Looking for a Universal Measure of Religiosity: A Latent Variable Approach
A report by Kirill Zhirkov at the regular LCSR seminar
The aim of current project of Kirill Zhirkov is to analyze relation between religiosity and various social characteristics on the one hand and religiosity and wide range of value attitudes on the other. His analysis is based on revised modernization theory (in particular, “Sacred and Secular” by R. Inglehart and P. Norris) and on previous empirical research on this topic. In former literature negative relationship between existential security and religiosity was established as well as persistence of cultural zones based on religious heritage and negative influence of religiosity on gender equality and liberal democracy.
Basing on these prerequisites, Kirill created a theoretical model which connects cultural characteristics of different countries, level of democratization and personal religiosity and gender attitudes of an individual. According to Kirill's hypothesis human development index and belonging to certain cultural zone (Inglehart and Norris typology) affect levels of religiosity level and level of democratization. There is evidence that support of gender equality on individual level is determined by age, religious denomination, level of religiosity and educational level, whereas level of religiosity is affected by age, educational level and religious denomination.
Current stage of Kirill's project is related to methodological specificity of measuring religiosity. This analysis is based on empirical evidence from 80 countries, and it is reasonable to doubt that all the indicators are perceived in the same way in different countries, or, speaking formally, whether the measurement invariance can be approved. Previous research clearly showed that if we use data from more than 25-30 countries for a test on such an issue, multi-group structural equation modeling will not be fruitful. Firstly, it will be difficult to find a proper interpretation for the results. That's why Kirill used religious zone as grouping variable. There are 5 groups: Catholic, Protestant, Orthodox, Muslim and Eastern religions. Such reduction can be criticized for oversimplification, but Kirill additionally checked measurement invariance for those groups which seem the most controversial (e.g. Muslim males and females, countries from different domains classified as Eastern).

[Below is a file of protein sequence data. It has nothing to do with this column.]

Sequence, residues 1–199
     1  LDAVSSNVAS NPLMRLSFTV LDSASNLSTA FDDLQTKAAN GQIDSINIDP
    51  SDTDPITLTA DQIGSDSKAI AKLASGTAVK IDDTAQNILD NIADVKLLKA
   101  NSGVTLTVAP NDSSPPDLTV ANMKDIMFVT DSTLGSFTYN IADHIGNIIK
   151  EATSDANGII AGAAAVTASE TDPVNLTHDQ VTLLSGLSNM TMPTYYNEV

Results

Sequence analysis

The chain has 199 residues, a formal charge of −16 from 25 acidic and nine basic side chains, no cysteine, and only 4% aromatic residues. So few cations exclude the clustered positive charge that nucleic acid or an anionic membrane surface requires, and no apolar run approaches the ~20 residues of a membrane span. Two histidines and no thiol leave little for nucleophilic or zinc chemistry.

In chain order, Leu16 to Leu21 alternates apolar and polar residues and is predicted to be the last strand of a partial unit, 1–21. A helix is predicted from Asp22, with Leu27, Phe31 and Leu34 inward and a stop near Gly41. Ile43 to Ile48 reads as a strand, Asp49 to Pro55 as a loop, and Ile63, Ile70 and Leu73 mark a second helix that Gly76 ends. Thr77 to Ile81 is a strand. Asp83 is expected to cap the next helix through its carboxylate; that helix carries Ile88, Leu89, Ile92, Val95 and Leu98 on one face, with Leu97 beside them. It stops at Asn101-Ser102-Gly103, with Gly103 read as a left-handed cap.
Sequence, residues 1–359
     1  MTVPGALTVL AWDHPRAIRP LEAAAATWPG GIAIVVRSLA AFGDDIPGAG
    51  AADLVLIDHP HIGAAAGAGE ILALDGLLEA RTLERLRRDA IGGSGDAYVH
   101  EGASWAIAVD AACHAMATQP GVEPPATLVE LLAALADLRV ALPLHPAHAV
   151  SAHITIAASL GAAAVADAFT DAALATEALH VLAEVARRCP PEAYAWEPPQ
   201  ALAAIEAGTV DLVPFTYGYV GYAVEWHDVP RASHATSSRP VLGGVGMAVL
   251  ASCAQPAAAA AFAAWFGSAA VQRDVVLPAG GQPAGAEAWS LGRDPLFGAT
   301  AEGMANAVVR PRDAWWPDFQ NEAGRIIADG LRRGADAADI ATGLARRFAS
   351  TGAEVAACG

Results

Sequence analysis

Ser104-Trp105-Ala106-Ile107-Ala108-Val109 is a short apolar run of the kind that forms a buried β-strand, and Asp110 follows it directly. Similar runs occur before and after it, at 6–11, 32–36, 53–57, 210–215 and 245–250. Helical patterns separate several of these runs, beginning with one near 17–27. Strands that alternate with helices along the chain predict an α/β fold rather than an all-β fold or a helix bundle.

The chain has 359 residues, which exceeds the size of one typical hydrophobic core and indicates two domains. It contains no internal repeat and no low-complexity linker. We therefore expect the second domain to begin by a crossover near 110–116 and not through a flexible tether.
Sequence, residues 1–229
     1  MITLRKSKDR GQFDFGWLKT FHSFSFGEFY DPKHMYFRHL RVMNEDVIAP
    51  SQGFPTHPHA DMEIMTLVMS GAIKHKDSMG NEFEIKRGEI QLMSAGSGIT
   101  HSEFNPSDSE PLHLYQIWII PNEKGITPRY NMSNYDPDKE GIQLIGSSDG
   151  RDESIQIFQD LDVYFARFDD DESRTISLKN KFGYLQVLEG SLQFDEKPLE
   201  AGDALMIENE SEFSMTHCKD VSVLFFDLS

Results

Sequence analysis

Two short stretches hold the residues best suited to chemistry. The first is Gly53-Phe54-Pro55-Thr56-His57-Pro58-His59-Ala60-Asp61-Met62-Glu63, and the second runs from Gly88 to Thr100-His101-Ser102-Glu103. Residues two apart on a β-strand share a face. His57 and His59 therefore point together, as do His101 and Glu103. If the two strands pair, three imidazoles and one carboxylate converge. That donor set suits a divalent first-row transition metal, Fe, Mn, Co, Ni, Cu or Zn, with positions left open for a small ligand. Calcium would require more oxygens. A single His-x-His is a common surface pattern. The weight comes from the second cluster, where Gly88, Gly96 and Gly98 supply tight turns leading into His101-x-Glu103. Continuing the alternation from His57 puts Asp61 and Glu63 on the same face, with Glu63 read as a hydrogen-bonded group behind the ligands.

Several variables were used as the indicators of individual religiosity, such as importance of God (consists of 10 categories; highly skewed), importance of religion (4 categories), religious attendance (7 categories; skewed) and self-assessed religiosity (3 categories). These variables are traditionally used in quantitative analysis as conditionally qualitative, however, in order to test measurement invariance Kirill had chosen a more conservative way and took these variables as categorical. An aggregated dataset of 4 and 5 waves of Word Value Survey were used as an empirical basis.
The results of correspondent tests revealed that there is no significant difference in perception of religiosity by representatives of different cultural zones. There are several problems with some indicators, however. Consequently the question about the possibility of using religiosity measure as a universal one is not answered yet. Kirill had also emphasized that cultural zone classification described in “Sacred and Secular” needs to be refined. The main concern is related to unification of Eastern countries disregarding their cultural differences.
by Olesya Volchenko